Dri Archer grabs attention of NFL

By Nick Shook

Read original post on TheBurr.com

Kent State running back Dri Archer is tripped up by Buffalo linebacker Jake Stockman during first-quarter action at Dix Stadium in Kent, Ohio, on Saturday, October 26, 2013. The Buffalo Bulls defeated the Kent State Flashes, 41-21. Photo by Ed Suba Jr. of the Akron Beacon Journal. Photo courtesy of MCT Campus.

Kent State running back Dri Archer is tripped up by Buffalo linebacker Jake Stockman during first-quarter action at Dix Stadium in Kent, Ohio, on Saturday, October 26, 2013. The Buffalo Bulls defeated the Kent State Flashes, 41-21. Photo by Ed Suba Jr. of the Akron Beacon Journal. Photo courtesy of MCT Campus.

In September of 2012, Dri Archer was just starting a record-breaking season as the Flashes’ do-everything back. Archer already had two kick returns for touchdowns under his belt and was quickly becoming the Flashes’ catalyst. National media took notice, honoring him with weekly special teams and all-purpose awards.

I took to the airwaves and social media to declare Archer the fastest man in college football. At the time, Oregon’s DeAnthony Thomas was the center of attention, even being featured in an ESPN the Magazine article about pure speed in college football. He was the consensus pick for fastest man in the NCAA. Continue reading

Wells Report reveals cowards inside Miami Dolphins locker room

Tackle Jonathan Martin, right, in his stance before ball is snapped during Miami Dolphins practice at the Dolphins training facility at NSU in Davie, Florida, Tuesday, July 23, 2013. Photo by Joe Rimkus Jr. of the Miami Herald. Photo courtesy of MCT Campus.

Tackle Jonathan Martin, right, in his stance before ball is snapped during Miami Dolphins practice at the Dolphins training facility at NSU in Davie, Florida, Tuesday, July 23, 2013. Photo by Joe Rimkus Jr. of the Miami Herald. Photo courtesy of MCT Campus.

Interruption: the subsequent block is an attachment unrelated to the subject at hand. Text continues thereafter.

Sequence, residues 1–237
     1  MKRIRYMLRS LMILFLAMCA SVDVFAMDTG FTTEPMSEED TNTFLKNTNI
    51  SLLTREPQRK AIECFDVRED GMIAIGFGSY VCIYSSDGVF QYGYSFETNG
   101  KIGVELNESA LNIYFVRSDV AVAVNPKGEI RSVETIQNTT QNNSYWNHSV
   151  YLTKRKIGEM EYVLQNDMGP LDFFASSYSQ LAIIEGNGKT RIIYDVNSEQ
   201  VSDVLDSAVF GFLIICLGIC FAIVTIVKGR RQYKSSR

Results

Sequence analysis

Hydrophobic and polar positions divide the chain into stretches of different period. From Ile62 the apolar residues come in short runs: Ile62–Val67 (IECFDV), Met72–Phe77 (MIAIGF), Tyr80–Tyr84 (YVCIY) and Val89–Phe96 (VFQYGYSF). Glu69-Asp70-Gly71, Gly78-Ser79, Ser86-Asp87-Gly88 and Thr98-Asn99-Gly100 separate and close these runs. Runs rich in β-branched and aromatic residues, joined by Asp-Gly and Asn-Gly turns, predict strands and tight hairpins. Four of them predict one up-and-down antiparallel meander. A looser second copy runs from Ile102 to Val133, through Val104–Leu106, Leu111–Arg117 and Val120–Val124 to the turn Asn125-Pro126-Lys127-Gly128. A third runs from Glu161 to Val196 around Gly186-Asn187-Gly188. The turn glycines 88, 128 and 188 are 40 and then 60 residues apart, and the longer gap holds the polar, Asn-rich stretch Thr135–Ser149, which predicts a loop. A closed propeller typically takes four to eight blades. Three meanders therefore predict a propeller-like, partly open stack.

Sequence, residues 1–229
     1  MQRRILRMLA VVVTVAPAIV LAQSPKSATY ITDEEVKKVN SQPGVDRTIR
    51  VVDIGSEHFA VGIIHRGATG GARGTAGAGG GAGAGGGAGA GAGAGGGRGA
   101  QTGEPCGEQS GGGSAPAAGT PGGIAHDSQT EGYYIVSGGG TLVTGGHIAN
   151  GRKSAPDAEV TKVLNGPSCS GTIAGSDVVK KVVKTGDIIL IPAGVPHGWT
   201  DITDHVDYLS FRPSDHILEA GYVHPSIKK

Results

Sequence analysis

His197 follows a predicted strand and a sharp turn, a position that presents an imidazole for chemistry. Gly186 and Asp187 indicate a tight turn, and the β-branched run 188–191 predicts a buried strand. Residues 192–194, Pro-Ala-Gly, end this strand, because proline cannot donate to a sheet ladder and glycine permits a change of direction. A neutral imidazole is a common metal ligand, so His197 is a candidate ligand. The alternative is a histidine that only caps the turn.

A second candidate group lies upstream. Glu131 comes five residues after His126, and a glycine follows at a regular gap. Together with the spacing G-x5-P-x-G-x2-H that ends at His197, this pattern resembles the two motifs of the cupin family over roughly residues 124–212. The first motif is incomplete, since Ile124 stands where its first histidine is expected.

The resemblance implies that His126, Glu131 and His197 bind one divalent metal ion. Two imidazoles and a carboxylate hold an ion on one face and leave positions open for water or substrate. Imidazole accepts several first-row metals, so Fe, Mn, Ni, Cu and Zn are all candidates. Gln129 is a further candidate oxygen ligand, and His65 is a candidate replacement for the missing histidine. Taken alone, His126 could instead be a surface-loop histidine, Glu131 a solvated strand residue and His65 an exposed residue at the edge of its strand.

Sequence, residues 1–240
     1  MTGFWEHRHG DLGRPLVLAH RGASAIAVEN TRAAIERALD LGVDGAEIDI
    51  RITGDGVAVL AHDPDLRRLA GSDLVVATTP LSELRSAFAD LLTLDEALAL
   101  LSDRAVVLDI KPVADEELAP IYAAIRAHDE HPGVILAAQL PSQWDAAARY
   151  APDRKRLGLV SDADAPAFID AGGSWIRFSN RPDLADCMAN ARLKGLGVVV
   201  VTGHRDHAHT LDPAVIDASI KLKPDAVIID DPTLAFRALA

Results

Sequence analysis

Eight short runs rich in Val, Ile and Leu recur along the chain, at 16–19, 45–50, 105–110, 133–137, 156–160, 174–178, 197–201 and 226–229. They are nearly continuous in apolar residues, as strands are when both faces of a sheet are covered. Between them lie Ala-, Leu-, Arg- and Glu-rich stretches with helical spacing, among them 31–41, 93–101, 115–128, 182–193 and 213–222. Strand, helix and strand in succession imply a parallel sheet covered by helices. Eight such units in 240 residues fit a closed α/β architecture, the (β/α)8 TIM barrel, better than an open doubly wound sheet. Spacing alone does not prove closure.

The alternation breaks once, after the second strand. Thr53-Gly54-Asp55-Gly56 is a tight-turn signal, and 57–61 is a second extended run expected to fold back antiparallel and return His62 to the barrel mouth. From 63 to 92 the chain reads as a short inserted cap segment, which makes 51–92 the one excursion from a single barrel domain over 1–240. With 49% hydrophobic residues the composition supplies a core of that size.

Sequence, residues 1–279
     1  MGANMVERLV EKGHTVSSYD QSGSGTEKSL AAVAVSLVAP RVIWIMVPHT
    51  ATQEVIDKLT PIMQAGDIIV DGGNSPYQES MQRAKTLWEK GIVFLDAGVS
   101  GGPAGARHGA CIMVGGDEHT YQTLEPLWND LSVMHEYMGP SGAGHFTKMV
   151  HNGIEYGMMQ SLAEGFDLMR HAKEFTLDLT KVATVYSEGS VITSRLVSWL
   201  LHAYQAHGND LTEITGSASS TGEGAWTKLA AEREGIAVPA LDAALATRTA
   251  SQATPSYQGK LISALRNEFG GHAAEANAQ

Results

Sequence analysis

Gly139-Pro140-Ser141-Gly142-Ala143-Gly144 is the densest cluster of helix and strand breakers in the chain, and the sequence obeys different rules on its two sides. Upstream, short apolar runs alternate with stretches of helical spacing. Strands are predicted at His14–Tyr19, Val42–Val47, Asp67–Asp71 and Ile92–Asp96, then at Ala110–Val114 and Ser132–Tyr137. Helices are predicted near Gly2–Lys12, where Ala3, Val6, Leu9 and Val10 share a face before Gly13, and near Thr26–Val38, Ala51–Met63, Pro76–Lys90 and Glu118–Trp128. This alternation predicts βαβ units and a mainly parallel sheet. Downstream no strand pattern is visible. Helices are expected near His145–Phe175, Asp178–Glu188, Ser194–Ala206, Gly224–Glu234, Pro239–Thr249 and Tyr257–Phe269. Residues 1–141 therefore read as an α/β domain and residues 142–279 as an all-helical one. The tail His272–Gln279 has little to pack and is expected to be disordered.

Jonathan Martin did the right thing.

When the Miami Dolphins’ starting left tackle slammed his food tray down in frustration and abruptly left the facility’s cafeteria, and ultimately, the organization, he was doing the right thing.

When Martin drove to the gas station, bought a bottle of vodka that he did not drink, saw a movie, bought a sandwich and later checked himself into a hospital because he felt he was acting irrationally, he was doing the right thing.

The ensuing forest fire of debate and national scrutiny surrounding the Dolphins’ sudden bullying scandal was not Martin’s fault. He didn’t wish for any of that to occur. He had simply had enough, and finally decided to do something about it.

After reading snippets from the Wells Report, released last week after a months-long investigation into the Dolphins’ locker room, I was disturbed, but not entirely shocked. Because I knew, on a much lesser scale and for a much shorter amount of time, how it felt to be Jonathan Martin.

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